Research has shown that if children have a fixed mindset – and perceive themselves as having a fixed capacity to learn - it can create a false ceiling on their potential. Instilling a culture of Growth Mindsets brings a “buffet of possibilities” to the classroom, says Will, with children starting to think more widely about what they can be good at, developing their resilience and independence.

“Small, quality steps can make a big difference to the way children learn. It’s about working smarter to get results,” says Will. “For school leaders and their teams it’s important to acknowledge the difference between ‘schooling’ and ‘educating’. The former is about working through the curriculum, the latter is about developing the person, motivating them, engaging them and helping them develop as an individual who is open to learning.”

He’ll touch on mindfulness too at the Special Schools, Specialist and Alternative Provision Conference, exploring the latest research into “the process of being, rather than thinking and doing”. “Mindfulness is about training the mind to be fully present and aware, so that individuals have better attentiveness, are engaged in the learning process, and retain information more effectively. There is a lot of very interesting research going on, into the possibilities mindfulness throws up in the world of special needs education.”

New format for the conference

Another coup is having Diane Rochford, author of the influential Rochford Review, involved in this event. She will be leading one of the workshops and sharing her knowledge and expertise with delegates.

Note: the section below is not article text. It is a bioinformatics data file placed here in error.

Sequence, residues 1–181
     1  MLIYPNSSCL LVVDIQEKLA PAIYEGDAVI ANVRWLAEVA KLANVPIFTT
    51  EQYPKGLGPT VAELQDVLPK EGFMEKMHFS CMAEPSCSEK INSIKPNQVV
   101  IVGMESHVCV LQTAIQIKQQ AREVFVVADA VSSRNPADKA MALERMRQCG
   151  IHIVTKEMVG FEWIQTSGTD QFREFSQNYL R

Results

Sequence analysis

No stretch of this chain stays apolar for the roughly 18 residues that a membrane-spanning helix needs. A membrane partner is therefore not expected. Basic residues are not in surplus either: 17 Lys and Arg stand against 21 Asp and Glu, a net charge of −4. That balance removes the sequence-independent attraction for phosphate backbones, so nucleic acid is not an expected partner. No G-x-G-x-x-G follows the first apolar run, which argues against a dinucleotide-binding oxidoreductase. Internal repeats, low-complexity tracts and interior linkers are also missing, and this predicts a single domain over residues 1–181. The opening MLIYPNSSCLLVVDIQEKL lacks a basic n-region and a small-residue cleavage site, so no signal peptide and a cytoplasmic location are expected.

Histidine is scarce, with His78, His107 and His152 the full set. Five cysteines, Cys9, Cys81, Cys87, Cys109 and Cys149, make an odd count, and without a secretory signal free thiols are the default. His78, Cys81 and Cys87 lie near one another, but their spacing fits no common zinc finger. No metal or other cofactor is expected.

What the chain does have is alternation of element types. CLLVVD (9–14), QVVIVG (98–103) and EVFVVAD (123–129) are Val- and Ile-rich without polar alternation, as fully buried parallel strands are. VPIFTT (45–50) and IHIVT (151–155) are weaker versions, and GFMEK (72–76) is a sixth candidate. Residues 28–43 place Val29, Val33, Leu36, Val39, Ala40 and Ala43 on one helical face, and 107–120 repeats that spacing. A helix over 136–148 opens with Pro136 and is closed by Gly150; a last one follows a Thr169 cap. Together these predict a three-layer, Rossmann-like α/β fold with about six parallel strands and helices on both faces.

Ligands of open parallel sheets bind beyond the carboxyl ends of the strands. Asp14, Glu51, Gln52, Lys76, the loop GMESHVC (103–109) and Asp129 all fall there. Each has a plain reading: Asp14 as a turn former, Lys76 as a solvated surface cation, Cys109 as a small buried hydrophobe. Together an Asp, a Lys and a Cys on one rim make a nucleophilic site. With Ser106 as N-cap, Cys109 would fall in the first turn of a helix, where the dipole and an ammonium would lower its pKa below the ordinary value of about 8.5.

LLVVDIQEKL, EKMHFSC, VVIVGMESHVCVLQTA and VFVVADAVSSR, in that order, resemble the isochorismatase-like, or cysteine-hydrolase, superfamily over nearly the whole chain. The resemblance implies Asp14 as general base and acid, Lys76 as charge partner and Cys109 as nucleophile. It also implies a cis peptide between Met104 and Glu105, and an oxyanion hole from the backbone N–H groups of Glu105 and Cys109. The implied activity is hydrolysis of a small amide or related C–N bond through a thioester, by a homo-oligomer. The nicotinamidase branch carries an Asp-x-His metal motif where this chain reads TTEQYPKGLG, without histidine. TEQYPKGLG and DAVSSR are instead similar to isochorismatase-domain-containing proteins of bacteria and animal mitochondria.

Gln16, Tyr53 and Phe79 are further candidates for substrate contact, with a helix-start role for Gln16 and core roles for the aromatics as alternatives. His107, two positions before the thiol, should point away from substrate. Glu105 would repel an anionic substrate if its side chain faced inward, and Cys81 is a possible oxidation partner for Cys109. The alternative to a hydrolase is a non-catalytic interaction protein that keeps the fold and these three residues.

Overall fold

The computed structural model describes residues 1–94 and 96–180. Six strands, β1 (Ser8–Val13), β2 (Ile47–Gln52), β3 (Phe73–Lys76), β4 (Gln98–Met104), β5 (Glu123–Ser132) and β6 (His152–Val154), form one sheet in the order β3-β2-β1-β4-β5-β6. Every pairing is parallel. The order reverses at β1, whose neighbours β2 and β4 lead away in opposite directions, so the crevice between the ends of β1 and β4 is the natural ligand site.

To make it as easy as possible for delegates to attend without disrupting their week too much, this conference has a new format for its fifth year of operation.

Now running over one day, with the option to attend a dinner and networking the evening before, this new arrangement means NAHT can offer the same high quality of workshops and speakers, but at a lower rate than before.

If you’re joining on Thursday evening you can put your questions to panellists for the question and answer session; Panellists will include NAHT general secretary Russell Hobby, and NAHT president Kim Johnson, among other expert speakers.

The conference working group is confident that delegates will leave this event feeling inspired and better equipped to meet the needs of SEND students in all phases. “The great ambition of educationalists working in this field is to give these young people an inclusive, fulfilling childhood and a good education,” says Paul Williams. “They must feel part of the education system and not simply an add on, and it’s imperative that events like this help talented school leaders overcome challenges and concerns, and help SEND students realise their potential.”

Seminars and Workshops

Delegates will also need to choose carefully between the eight workshops, designed to inspire, stimulate and empower those working with pupils with SEND. Workshops are booked during the conference booking process. They include:

1.         Ofsted update      

2.         Assessment for SEND students from the outcomes of the Rochford Review, led by Diane Rochford  

3.         Securing stability through the introduction of the National Funding Formula for schools and high needs

4.         Engaging your students in Parliament and democracy

5.         The SENCO as a Manager and Leader - how to lead SEND provision effectively in your schools

6.         Restriction and Deprivation of liberty: Ofsted's interpretation and the law

7.         Engaging learners with complex needs; From Neurons to Neighbourhoods

8.         Coming to the Tribunal: Naming a school in an EHC Plan

To find more details and to book onto this event, please go to the conference page here



Page Published: 21/12/2016